The creative class, made up approximately 7.9 million Americans from artists to architectural engineers in three different categories, is characterized by young intermetropolitan mobility, according to a 2013 paper by Charlynn Burd of the US Census Bureau. The creative class categories include "analytic," ranging from the biological and computer scientists, "synthetic," ranging from architects to engineers, and "symbolic," including artists, musicians, and the like. The creative class is most mobile during the age range from 25 to 39 when nearly double have changed addresses in the last five years than have stayed put. The age range from 40 to 64, however, shows that reverses to nearly double the number of people maintaining an address for at least five years rather than regularly moving. Although home buying might be pushed back a few more years for the creative class than their counterparts, they still reach an age when most settle in one spot.

Using data from the American Community Survey marking the three year periods from 2006 through 2008 and 2009 through 2011 and decennial Census data from 2000, Burd highlights the movement of the creative class from city to city. Of selected metros seeing a change in creative class net migration, five showed estimated migration of more than 2,500 people during the 2009 through 2011 period and an increase in migration numbers since the previous American Community Survey 2006 through 2008 period. But did these metro magnets for creativity bring new home buyers to each market's leading builders?

Here, BIG BUILDER explores the creative class magnets. The five cities, which include Washington, DC at the top of the list with nearly double the creative class migration in 2009 through 2011 than the three years prior, each have their top five builders by closings for the period from 2006 extending beyond the American Community Survey through 2013 and their change in market share by closings overtime. Overall, many of the leading builders in these five metros were able to maintain market share by closings without dramatic fluctuation throughout the recession. With the exception of the San Jose CBSA, leaders builders in these metros have experienced slow, but steady incline in market share. Could a strong creative class be one of the keys to a robust new home market?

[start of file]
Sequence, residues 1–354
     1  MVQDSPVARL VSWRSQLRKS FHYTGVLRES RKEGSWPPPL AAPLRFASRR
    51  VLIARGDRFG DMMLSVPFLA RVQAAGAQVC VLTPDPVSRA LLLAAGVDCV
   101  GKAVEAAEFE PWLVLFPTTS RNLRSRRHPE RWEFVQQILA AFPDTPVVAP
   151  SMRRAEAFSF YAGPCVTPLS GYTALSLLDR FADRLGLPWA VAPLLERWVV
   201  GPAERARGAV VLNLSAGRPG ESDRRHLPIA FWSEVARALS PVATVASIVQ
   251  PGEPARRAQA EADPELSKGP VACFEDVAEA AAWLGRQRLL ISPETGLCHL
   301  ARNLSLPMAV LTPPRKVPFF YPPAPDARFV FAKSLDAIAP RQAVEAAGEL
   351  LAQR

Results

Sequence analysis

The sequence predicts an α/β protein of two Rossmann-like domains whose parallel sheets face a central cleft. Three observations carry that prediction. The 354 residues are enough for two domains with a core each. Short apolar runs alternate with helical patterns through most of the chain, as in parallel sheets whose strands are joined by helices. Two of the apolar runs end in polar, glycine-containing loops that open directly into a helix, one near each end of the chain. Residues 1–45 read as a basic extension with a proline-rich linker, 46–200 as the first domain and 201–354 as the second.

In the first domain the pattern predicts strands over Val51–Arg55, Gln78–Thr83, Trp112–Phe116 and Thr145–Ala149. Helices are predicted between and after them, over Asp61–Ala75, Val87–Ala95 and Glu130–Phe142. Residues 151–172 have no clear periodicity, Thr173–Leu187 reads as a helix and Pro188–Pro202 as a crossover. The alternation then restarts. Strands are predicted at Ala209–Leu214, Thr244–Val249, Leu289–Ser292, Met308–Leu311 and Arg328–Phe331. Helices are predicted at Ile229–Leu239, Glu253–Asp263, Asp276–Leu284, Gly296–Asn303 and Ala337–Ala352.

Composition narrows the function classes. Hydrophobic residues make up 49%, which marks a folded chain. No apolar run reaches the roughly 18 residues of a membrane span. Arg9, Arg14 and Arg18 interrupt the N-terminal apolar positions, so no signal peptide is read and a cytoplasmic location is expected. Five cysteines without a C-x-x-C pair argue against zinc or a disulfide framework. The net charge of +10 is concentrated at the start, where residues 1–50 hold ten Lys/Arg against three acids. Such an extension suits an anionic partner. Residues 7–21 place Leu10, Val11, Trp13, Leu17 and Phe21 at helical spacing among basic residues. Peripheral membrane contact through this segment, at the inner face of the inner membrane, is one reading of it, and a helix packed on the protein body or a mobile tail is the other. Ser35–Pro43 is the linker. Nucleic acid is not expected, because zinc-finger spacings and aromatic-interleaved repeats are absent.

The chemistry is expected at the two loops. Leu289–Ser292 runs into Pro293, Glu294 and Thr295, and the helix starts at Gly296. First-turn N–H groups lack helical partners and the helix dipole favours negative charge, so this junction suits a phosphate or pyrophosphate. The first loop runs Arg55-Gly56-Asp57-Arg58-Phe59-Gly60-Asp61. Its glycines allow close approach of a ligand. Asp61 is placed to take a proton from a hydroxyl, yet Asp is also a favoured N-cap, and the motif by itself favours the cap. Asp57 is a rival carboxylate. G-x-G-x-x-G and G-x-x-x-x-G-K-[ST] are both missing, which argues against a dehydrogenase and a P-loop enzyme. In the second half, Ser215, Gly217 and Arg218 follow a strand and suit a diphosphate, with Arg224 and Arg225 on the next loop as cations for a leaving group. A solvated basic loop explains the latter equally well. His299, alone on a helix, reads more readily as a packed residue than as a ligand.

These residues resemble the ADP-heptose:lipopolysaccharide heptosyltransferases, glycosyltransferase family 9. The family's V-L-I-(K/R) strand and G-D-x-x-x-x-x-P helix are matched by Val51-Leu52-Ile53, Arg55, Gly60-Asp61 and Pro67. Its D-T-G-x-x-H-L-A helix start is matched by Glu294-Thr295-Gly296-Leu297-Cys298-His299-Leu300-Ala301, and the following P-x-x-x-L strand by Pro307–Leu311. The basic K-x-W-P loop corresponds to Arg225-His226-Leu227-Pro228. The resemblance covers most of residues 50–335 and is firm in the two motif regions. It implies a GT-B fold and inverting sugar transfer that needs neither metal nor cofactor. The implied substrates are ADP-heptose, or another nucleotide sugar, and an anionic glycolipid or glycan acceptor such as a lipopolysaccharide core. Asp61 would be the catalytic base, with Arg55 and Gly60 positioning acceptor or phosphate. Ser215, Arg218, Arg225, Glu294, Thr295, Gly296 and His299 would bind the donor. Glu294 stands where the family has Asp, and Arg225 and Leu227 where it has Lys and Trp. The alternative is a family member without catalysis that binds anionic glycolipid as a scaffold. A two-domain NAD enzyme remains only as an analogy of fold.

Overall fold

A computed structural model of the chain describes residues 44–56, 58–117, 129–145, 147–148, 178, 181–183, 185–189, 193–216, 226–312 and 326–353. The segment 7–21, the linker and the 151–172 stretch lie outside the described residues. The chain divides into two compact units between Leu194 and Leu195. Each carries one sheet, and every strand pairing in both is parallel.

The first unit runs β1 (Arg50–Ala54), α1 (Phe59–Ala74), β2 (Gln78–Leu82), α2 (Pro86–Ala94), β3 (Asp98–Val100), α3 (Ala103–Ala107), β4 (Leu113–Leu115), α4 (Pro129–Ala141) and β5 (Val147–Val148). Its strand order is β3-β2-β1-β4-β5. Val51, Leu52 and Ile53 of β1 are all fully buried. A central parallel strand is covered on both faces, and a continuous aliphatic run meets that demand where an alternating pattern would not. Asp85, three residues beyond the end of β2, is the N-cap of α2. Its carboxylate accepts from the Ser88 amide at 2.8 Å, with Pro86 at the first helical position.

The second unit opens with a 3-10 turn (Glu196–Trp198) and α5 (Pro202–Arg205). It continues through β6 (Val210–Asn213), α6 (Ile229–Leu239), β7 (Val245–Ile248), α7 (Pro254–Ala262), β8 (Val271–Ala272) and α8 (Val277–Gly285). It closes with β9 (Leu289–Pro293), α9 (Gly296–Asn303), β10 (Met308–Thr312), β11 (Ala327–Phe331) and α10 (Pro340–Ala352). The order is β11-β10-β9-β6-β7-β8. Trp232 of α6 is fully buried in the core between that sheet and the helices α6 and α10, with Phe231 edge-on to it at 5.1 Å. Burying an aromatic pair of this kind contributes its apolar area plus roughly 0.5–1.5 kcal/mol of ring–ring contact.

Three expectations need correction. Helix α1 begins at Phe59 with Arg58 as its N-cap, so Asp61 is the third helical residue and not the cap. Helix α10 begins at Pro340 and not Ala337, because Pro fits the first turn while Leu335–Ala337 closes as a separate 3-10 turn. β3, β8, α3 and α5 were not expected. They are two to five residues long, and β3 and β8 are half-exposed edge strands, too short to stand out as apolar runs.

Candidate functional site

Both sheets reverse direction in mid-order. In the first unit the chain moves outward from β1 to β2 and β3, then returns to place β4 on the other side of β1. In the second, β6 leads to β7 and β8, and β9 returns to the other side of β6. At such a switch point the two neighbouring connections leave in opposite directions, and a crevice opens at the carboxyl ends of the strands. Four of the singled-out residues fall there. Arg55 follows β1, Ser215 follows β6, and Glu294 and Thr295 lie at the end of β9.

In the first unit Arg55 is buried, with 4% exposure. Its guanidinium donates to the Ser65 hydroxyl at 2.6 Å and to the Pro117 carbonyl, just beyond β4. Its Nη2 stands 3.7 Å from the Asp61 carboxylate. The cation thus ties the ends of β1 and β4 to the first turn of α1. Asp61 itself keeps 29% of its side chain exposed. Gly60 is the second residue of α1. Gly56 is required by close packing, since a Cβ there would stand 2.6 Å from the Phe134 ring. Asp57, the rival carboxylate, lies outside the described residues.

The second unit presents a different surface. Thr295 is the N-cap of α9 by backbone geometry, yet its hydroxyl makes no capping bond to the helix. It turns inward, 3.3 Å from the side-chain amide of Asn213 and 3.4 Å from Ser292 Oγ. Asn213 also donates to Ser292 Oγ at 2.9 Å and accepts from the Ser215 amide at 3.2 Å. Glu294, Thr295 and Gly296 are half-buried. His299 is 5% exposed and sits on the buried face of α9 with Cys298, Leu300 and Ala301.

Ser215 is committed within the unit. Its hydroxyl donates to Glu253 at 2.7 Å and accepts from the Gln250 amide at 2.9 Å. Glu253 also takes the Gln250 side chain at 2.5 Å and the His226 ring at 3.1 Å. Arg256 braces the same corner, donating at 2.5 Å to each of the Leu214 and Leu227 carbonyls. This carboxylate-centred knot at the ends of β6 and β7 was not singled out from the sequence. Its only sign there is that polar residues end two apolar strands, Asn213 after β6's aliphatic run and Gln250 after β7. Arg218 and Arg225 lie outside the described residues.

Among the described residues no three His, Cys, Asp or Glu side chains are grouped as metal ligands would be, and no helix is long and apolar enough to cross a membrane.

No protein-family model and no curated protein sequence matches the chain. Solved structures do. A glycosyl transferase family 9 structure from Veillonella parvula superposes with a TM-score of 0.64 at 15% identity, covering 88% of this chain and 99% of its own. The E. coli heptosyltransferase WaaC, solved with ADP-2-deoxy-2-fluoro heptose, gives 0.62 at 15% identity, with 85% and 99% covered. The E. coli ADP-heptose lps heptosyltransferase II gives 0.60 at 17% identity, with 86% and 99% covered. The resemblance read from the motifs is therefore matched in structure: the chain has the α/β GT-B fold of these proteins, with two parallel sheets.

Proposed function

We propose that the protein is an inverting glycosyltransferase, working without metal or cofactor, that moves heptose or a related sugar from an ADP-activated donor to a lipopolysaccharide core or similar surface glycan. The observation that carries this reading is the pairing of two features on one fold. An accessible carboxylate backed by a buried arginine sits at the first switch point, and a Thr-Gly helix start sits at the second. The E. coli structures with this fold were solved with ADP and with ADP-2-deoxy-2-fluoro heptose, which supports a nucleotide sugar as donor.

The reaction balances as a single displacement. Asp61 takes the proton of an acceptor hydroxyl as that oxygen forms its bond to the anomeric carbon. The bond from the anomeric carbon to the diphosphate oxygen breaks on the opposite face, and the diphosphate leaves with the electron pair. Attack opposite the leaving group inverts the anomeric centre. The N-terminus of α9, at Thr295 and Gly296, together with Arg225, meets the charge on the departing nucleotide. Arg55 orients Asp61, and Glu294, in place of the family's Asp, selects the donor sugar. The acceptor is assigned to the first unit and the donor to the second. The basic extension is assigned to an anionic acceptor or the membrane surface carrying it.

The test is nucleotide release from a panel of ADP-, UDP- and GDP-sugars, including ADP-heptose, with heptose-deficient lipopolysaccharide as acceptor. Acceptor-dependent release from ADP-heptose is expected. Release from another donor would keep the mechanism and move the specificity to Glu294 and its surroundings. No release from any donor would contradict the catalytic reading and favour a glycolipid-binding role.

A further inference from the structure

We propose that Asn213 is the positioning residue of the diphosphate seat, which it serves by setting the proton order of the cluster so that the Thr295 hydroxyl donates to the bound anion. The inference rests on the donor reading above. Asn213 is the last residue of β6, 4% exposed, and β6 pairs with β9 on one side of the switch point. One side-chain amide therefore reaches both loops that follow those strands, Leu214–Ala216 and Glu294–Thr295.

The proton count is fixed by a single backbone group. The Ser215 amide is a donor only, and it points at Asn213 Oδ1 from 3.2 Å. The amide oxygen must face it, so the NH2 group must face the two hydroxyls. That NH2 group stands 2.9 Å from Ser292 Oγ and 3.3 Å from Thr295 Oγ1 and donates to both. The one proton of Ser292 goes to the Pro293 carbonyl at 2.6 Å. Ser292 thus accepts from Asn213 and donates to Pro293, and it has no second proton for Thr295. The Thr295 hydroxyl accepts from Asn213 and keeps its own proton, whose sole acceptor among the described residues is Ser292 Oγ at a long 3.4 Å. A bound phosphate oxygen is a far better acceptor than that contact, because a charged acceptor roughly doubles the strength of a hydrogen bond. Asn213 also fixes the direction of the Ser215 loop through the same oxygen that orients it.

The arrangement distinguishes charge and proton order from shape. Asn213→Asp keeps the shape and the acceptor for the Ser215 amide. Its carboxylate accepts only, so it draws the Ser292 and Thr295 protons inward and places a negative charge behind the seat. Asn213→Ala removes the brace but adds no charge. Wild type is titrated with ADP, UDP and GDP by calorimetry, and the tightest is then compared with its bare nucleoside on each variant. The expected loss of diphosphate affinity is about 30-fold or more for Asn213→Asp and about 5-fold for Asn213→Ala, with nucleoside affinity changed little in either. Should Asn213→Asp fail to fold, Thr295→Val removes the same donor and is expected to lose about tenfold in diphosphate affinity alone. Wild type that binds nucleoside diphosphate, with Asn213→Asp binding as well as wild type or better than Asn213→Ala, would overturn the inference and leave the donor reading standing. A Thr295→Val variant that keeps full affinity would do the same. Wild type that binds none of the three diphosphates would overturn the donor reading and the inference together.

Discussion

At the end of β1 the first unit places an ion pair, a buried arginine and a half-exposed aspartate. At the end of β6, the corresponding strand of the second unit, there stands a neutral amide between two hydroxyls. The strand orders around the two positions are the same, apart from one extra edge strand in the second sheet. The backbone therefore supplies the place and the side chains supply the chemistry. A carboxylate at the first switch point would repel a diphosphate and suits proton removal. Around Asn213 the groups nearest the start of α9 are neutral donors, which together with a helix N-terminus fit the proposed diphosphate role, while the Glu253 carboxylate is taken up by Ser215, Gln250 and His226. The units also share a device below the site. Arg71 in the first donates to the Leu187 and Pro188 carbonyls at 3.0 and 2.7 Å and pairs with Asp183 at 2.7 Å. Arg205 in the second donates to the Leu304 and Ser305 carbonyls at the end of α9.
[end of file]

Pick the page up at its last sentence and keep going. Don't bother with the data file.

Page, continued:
Further, do home builders' skills at courting creative class buyers in one market translate into a competitive edge as the new geography of jobs plays out in other markets?

Take a look below. 


1. Washington-Arlington-Alexandria, DC-VA-MD-WV

Top 5 Builders & Closings 2006-2013

NVR

17,887

PULTE-DEL WEBB-CENTEX

9,465

K HOVNANIAN

6,143

TOLL BROTHERS

5,509

LENNAR

4,040



2. Houston-The Woodlands-Sugar Land, TX

Top 5 Builders & Closings 2006-2013

LENNAR

21,999

PERRY HOMES

12,945

LONG LAKE LTD

10,763

DR HORTON

10,356

KB HOME

9,786


 

3. Boston-Cambridge-Newton, MA-NH

Top 5 Builders & Closings 2006-2013

PULTE-DEL WEBB-CENTEX

1,580

TOLL BROTHERS

537

COMMONWEALTH CONDO LLC

342

SIERRA PLUS TANGO LLC

315

THE GREEN COMPANY

308


 

4. San Jose-Sunnyvale-Santa Clara, CA

Top 5 Builders & Closings 2006-2013

KB HOME

2,413

DR HORTON

1,074

TAYLOR MORRISON

1,074

TOLL BROTHERS

874

SUMMERHILL HOMES

791


 

5.  Los Angeles-Long Beach-Anaheim, CA

Top 5 Builders & Closings 2006-2013

KB HOME

4,497

LENNAR

3,813

WILLIAM LYON HOMES

2,198

STANDARD PACIFIC HOMES

2,113

IRVINE COMPANY

2,020


 Note: For a full breakdown of each occupational code included in the three sections of the creative class and their mobility between CBSAs, see the report here